Google considers over 200 ranking factors when promoting webpages in SERPs, but almost all of them fall under one primary category: quality.
That’s because Google is always trying to make search better for users. For a webpage to rank well, it must provide high-quality content and an elevated page experience. It should also come from a well-trusted, reputable website.
So how do site owners and digital marketers prove to Google that their content is not only relevant to users but also high in quality?
By improving content quality signals on their web pages. By focusing on those quality signals, digital marketers will have better SEO results across all of their landing pages.
How Does Google Define High-Quality Content?
Although having the right keywords is essential to showing Google that your landing pages satisfy search intent, Google’s technology has gotten much more advanced over the years. It now looks for more than just keywords when deciding whether to rank your webpages.
Google also looks for high-quality signals such as the following:
- Original information, reporting, or research
- Comprehensive, substantial exploration of the topic
- Original insights and analysis
- Clear sourcing and expert authorship
- Accurate spelling, grammar, and error-free copy
Conversely, certain practices will cause Google to view your landing pages as low-quality. Some low-quality signals include:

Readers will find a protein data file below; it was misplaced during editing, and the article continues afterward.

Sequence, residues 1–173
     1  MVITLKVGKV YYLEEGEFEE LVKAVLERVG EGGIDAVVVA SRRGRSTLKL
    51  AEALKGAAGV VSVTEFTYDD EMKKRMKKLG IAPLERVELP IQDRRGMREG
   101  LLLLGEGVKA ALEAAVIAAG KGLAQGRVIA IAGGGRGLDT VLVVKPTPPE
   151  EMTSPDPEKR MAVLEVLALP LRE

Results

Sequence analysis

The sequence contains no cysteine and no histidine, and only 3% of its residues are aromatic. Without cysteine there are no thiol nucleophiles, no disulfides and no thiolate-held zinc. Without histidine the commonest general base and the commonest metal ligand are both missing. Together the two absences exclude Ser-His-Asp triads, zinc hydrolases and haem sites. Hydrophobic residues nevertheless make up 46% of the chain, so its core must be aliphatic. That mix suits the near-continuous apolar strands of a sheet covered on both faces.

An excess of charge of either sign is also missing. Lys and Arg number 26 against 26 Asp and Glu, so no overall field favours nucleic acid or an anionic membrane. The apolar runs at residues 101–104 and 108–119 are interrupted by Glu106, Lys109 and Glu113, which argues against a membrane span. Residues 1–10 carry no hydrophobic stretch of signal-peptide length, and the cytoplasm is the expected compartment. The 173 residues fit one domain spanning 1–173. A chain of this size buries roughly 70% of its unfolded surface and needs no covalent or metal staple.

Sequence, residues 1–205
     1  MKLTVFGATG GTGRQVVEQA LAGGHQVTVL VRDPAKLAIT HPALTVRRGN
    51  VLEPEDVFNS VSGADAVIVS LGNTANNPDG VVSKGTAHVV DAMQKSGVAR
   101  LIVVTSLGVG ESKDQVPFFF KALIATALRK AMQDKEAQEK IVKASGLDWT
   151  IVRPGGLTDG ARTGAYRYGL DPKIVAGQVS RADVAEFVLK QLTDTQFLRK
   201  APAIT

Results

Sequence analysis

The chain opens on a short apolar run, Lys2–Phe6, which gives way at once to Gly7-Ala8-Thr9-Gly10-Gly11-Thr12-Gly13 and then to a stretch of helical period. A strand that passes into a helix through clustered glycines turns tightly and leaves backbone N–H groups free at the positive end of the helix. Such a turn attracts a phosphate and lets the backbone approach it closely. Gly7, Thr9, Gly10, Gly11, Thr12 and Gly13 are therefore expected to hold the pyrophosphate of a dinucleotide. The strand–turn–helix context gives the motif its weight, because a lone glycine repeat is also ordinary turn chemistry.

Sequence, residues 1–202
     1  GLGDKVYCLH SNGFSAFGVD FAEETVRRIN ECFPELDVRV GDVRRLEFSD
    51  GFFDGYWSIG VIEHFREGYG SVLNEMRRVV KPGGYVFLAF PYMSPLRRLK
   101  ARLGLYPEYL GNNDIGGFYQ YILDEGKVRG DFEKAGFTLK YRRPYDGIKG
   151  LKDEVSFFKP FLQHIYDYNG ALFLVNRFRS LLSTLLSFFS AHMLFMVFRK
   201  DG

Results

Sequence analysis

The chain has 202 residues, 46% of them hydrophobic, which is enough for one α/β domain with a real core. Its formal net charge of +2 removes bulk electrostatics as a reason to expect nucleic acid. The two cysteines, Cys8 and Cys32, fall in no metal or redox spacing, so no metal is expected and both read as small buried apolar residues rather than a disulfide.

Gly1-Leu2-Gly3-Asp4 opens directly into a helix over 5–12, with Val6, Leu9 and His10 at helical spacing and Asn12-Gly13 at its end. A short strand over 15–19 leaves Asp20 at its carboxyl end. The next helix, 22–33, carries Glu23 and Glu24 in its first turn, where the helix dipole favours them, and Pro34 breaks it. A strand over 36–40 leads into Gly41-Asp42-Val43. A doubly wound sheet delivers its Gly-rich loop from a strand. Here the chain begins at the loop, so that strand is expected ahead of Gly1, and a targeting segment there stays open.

- Automatically generated or scraped content
- Irrelevant, unnatural keyword usage
- Unoriginal, plagiarized content
- Excessive redirects, broken links, or hidden text
Google has always emphasized discovering unique and valuable content for users. Therefore, any digital marketer who wants to show up in search needs to aim for the same goal.
Five Content Quality Signals and How to Improve Them
1. Semantic richness: add subtopics, questions, and related topics to your landing page copy
Semantic SEO is the process of creating meaningful content that satisfies users’ intent in addition to their specific query.
When semantic SEO is effectively implemented, Web content answers the users’ questions as well as all of the questions they may have next.
The more semantically rich your content is, the more Google recognizes it as well-researched, informative, and original. To improve semantic richness on your page…
- Do competitive research. What type of content is already ranking on page one for the keywords you want to rank for? What types of words and phrases do those pages include in their content?
- Use a keyword tool. Identify related subtopics, synonyms, questions, and autocompletes related to your target keywords. Add them into your content to improve its semantic signals.
- Use content AI software. Software such as SEO Content Assistant can help you create more semantically rich content. Content AI tools use natural language processing to generate terms to add into your content to give it more ranking power.
2. Topical depth: increase the content length of your landing pages to match your competitors’
Technically, word count is not an official ranking factor for Google. So why does content length matter to SEO strategists?
Well, multiple studies have found a correlation between content length and a higher ranking. That’s because in-depth content influences other elements that Google does take into consideration, such as…
- Backlinks: Longer content earns more backlinks. Backlinks are Google’s #1 ranking factor, so the more backlinks, the better the ranking.